Archive for September, 2021|Monthly archive page


In Uncategorized on 09/27/2021 at 15:40

The current régime at the Clerk’s Office in The Glasshouse on Second Street seems to emit opinions one day a week, and Monday is not one such. Why this should be eludes me, as does the hesitancy to release opinions before 3:00 p.m., Eastern (US) time; why Europe and Africa should have to await the collective wisdom of the Tax Court bench until the morrow (unless they burn the midnight fossil fuel) seems unfair.

Howbeit, other than an order embodying a reprise of an admonition from Judge Morrison in a case I reported earlier this month (see my blogpost “Lord Chief Justice Campbell’s Dictum – Part Deux,” 9/8/21), which you can look up and read for yourselves if you’re looking to waste your time, there is nothing worthy of note.

I’m going to watch my daughter’s webinar; it’s much more interesting.




In Uncategorized on 09/24/2021 at 13:38

When He Has an Envelope

Ex-Ch J Michael B (“Iron Mike”) Thornton will sink his metaphorical teeth deeply into whatever comes, even the humble envelope that supposedly brought the disputed SNOD to Cameron Stewart, Docket No. 6771-19L, filed 9/24/21.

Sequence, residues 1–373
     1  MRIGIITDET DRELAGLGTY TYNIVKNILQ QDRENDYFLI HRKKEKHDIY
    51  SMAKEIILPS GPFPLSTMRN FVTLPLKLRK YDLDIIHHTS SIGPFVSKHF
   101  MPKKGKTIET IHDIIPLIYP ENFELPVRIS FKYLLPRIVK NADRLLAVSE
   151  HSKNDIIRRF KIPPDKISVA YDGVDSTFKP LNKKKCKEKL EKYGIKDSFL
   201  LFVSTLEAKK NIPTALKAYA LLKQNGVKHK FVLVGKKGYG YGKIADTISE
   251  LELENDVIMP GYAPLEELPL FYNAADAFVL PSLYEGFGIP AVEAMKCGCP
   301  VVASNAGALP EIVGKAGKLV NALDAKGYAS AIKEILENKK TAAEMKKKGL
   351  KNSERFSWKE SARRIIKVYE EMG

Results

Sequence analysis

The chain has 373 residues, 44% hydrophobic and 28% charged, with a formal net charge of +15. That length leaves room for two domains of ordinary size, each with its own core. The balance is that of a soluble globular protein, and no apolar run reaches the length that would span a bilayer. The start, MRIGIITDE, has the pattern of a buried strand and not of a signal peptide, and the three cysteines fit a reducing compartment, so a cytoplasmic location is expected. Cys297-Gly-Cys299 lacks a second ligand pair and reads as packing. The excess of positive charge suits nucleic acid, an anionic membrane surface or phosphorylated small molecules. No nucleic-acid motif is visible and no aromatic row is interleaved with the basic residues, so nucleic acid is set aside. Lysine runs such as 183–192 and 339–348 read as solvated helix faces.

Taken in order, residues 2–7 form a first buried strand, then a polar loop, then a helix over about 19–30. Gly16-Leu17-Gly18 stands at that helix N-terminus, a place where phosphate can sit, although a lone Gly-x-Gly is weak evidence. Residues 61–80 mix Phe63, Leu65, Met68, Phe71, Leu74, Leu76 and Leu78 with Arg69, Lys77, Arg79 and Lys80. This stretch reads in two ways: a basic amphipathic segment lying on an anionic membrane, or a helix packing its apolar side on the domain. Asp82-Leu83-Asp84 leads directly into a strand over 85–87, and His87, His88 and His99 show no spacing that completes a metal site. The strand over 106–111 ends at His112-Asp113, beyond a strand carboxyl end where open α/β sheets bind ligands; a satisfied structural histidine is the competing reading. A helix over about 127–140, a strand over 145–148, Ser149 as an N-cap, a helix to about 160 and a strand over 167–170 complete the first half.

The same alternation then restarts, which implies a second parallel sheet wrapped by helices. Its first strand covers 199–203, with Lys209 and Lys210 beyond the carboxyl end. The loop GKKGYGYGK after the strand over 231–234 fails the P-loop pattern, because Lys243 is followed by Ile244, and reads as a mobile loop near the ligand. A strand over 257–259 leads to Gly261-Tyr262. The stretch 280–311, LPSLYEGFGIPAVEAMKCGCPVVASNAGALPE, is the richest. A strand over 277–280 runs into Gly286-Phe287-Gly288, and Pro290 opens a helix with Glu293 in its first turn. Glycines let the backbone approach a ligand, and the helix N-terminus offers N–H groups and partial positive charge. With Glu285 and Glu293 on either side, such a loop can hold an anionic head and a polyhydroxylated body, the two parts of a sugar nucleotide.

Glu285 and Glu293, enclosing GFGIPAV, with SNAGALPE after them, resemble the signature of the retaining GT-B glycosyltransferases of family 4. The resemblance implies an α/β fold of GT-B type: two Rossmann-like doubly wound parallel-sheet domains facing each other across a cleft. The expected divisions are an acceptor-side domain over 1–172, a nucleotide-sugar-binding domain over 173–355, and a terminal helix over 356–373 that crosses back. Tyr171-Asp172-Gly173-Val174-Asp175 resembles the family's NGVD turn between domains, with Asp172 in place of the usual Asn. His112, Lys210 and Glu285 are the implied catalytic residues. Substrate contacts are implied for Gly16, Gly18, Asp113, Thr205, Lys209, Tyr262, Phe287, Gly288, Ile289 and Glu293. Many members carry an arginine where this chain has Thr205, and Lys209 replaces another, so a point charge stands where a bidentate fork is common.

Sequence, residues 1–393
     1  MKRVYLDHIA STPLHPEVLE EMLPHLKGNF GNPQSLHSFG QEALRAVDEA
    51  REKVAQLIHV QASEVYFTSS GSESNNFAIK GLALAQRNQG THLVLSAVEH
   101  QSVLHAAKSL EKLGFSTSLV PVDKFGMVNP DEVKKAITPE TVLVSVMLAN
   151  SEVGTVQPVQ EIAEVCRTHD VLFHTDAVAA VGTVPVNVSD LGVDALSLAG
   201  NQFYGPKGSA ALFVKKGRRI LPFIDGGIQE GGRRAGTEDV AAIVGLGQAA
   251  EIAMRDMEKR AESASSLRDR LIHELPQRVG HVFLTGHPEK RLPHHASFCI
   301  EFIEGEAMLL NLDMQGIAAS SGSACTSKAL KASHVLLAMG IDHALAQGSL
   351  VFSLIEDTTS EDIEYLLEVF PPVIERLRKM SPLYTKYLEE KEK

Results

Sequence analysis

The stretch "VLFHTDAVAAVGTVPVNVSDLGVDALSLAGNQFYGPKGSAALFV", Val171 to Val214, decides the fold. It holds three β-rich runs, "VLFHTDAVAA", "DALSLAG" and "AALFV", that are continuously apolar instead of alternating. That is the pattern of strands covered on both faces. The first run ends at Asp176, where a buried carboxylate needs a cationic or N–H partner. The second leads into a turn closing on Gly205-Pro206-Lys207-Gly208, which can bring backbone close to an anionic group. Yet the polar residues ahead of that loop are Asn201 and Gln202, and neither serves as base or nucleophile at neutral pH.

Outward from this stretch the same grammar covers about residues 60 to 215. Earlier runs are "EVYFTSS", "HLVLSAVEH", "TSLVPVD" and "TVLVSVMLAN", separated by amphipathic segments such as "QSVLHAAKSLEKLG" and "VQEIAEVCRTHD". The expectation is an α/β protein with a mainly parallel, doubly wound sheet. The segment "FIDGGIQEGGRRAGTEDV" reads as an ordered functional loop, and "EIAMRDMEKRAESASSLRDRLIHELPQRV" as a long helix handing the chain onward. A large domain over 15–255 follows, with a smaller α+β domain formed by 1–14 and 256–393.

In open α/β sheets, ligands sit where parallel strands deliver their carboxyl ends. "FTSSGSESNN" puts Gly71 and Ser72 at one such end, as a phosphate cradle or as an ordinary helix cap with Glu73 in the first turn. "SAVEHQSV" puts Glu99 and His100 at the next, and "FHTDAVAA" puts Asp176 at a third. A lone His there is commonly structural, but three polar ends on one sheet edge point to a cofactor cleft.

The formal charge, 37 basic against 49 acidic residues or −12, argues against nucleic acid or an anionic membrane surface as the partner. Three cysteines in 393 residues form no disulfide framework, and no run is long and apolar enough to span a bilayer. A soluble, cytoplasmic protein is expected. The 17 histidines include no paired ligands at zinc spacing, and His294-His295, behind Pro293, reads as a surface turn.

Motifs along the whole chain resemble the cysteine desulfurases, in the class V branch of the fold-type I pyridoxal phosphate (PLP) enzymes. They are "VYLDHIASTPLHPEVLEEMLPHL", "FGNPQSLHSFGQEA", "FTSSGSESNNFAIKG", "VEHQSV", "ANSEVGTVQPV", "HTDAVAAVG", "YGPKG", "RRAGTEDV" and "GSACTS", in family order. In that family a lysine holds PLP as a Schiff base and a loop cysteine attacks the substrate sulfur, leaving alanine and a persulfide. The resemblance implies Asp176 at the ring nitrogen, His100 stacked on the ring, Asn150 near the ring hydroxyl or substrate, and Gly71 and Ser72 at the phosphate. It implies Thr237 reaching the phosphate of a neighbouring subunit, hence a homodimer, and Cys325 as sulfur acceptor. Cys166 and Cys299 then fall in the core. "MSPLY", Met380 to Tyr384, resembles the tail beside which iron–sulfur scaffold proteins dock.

Note that Cam’s POA [sic] mistakenly calls him/herself a “POA” (probably means representative designated in a Form 2848) and the Section 6213 notice of deficiency a “NOD” whereas IRS correctly calls it a “snod”; did I copy them or did they copy me?

But ex-Ch J Iron Mike eschews such blather, and goes to the paper. Did IRS timely send a SNOD to Cam? It looks like not, after ex-Ch J Iron Mike goes through IRS transcripts replete with unintelligible codes, dubious notations from SOs at Appeals, and the purported envelope wherein was mailed the SNOD. When ex-Ch J Iron Mike gets through deconstructing the envelope and peripheral documents, not even a scrap remains.

Appeals proffers a contest of underlying liability (deficiency), but that’s a nonstarter absent a SNOD.